Network & Internet, select the Wireless connection Icon. This will
basically allow your device to scan and lock onto wireless networks. If
you are using the one configured in the setup, this should
automatically get found and lock in and provide you with an IP. The
icon in the tool bar should change to the signal stregth icon and a pop
up window with the network name and IP address should appear.
you travel and need to find a new network, this Network connection tool
scans and allows you to configure and connect to other wireless
you select to use FWCUTTER and any half baked drivers such as bcm43xx,
then what you need to select when browsing for the driver is the *.SYS
file instead of the *.INF file. Once you get past that selection,
configuring the card is the same. Again, the key difference is that the
device will run only at 11 Mbps.
My one main grip with Mandriva
2007 at this time is the Kiosk feature, or the ability to automatically
manage key updates and security patches. This is key to running any OS
and when working, is an excellent tool. We ran the wizard as part of
the setup, but as you can see in my screen shots there is an icon in
the tool tray that shows an orange question mark. If there was an
update to be found, there would be a Red Check mark and when up to date
the check mark would be Green. The question mark means my system is not
configured, not in communication with the server, or just plain broken.
In an email to the address listed when I clicked on the Question mark,
I got the following reponse,
> keep getting errors when trying to register my new install of 2007.
> When I run the wizard it says completed successfully.
The Mandriva 2007, Kiosk and Online services cannot work together for the
moment. We already
know this bug and our development teams are trying to fix it as soon as
possible. Please accept our apologies for the inconvenience.
To manage your Mandriva account please visit: http://my.mandriva.com
Mandriva Online website:http://online.mandriva.com
Thank you for your interest in our products.
Sophie - Mandriva online
thanks Sophie. Seems that the service doesn't work with the new
software but a fix will be coming. However, there is a ton of irony
there, in that the tool to tell me there is an update is broken, so how
will I know to go and get my update when the update is available?????
than that, everything is working extremely well with my system. I was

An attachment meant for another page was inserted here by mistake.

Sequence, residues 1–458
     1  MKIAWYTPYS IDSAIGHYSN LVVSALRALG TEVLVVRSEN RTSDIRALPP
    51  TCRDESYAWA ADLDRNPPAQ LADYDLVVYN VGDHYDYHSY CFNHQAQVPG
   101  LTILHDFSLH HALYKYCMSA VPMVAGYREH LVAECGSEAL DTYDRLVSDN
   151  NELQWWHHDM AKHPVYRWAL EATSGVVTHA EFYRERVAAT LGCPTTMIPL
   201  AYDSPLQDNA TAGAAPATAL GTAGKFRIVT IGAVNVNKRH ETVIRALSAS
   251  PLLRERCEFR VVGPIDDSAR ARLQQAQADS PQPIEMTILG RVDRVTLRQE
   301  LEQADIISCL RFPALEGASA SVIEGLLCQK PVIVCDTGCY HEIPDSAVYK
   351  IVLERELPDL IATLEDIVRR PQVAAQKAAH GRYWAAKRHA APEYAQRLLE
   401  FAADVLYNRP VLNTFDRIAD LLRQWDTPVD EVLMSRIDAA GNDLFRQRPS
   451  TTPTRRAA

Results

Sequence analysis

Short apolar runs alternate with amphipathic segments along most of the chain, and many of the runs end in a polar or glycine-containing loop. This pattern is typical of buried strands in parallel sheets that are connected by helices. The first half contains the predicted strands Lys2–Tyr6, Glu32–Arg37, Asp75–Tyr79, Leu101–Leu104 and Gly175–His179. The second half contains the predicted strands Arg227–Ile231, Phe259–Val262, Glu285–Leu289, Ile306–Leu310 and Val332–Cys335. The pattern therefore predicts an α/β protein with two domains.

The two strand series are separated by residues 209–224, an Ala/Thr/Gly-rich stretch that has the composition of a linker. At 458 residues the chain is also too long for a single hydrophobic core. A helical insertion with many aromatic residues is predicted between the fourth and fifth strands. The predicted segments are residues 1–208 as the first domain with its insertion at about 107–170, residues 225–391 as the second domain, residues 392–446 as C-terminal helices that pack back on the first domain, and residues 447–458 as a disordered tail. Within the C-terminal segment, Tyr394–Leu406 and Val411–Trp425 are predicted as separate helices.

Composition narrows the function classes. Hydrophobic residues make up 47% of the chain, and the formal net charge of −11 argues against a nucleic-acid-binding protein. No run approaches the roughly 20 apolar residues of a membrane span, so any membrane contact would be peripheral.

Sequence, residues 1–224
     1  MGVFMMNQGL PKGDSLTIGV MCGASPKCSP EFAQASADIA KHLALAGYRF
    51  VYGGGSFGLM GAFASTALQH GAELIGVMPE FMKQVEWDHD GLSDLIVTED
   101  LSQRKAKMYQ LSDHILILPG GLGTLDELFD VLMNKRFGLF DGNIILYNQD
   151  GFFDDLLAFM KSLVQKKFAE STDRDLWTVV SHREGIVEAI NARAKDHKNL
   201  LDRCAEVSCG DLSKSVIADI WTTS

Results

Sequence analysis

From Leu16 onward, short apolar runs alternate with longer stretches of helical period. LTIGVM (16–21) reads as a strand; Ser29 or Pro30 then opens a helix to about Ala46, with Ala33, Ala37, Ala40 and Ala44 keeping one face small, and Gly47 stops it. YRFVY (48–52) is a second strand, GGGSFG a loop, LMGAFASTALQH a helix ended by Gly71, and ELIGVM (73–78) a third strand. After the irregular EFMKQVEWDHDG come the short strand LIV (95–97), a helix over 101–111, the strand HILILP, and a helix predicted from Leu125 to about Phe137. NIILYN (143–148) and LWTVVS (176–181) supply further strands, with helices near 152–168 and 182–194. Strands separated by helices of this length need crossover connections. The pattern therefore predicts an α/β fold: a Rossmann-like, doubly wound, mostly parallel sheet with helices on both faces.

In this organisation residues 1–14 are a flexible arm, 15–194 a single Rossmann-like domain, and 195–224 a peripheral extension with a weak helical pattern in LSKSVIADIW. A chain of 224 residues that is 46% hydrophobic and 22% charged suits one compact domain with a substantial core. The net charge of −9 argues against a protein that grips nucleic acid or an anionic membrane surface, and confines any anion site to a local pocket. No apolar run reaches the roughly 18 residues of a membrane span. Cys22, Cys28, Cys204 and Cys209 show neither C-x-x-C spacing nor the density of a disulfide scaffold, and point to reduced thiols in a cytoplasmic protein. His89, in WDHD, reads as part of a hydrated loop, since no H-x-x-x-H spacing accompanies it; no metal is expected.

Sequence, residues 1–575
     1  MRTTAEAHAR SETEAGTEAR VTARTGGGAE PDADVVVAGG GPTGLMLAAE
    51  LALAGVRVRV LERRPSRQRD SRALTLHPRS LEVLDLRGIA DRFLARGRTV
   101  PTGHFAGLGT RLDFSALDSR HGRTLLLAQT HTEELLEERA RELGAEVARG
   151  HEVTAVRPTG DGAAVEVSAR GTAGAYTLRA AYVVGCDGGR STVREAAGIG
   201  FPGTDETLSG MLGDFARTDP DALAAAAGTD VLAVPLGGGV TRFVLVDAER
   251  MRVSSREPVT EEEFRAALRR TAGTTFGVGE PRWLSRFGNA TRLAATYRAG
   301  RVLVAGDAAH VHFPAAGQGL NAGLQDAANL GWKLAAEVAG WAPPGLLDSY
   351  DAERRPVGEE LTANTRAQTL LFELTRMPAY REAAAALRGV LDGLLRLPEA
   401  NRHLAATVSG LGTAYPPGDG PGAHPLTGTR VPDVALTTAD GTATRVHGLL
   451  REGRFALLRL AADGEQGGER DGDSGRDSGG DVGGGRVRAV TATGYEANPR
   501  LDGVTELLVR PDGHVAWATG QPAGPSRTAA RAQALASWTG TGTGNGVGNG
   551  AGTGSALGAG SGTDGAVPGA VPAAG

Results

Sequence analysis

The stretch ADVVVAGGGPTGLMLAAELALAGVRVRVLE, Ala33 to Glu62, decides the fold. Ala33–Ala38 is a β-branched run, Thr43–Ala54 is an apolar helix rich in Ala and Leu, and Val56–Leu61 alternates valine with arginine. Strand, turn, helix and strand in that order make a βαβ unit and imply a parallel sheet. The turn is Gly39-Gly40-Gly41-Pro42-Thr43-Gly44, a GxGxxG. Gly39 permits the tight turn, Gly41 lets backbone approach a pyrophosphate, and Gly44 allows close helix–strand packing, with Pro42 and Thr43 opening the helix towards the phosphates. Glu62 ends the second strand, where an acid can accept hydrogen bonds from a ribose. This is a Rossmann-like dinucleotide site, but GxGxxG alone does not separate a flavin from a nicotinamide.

able to install Wine and get my poker up and running. The graphics
drivers that came with the package for ATI and NVIDIA both work well. I
truly feel that I have an OS that is up and running and don't need any
support from any windows related pieces. Now if I only could turn on
XGL/AIGLX for my laptop, and get my updates that I am paying $12 a
month for, I would be claiming victory for Linux worldwide.
Bonus Stuff ( )
Bonus stuff with Mandriva is second to none. First, you get XGL/AIGLX
included. Then you add in Cedega for the gamers out there. All the
packages you want are included; Productivity, Programming,
Entertainment and Communication. And finally someone actually included
a licensed DVD player in the install without having to take the time to
go and download or pay additional funds for third party support. All
American users will be happy to know they are not violating one of the
most odd interpretations of legislation ever.
All in all, this
is by far the best combination of packages I have seen, where there
isn't just crap crammed into the install discs to impress, but rather a
complete set of OS and software that will satisfy any users needs up
front and allow for complete migration away from MS for Desktop and
Laptop users both. Extrêmement bien cuit Mandriva, Extrêmement bien
Overall ( )
am honestly pleased to give this package a 5 Pennie review. After my
years of frustration with politics combined with poor policies about
subscriptions, payment and service, I am able to overlook all of that
and really tout this as the first commercial Linux distro that lives up
to its own hype and the hype of reviewers world wide. Much has been
written about the time it took Mandriva to get this out, taking almost
double what others see as a 6 month cycle, but similar to MS and Vista,
Mandriva seems to have taken its time to try and get this right rather
than just keep pumping out a package, just to say that there is a new
one out. This is truly worth the money and I would recomment anyone
looking for a Linux package that will work, try the Free version first
and once you know this does indeed work for you, invest a little and
get the Discovery pack, which will suit most every users' needs and
allow you to enjoy Linux the way it should be: Full of Function and
Flash while keeping you in control of your hardware.
took so long to publish. My laptop decided half way through to melt
itself into a paper weight and after a trip to the Best Buy Warranty
service center, a new mother board and a brief session trying to keep
the monitor working, I was able to finally get back to work and
complete my review. As always, if you appreciate what you have read
here, or any Linux site for the matter, please remember that Free as in
Speech is not the same as Free as in Beer. We need your help in
supporting what we do, so please if you can donate here by the link on the side of the review. We truly enjoy bringing
our view of various Linux distros and helping newbies get on track with
their hopes of becoming free of MS and Patent Lawyers, so anything you
can do to help will be greatly appreciated.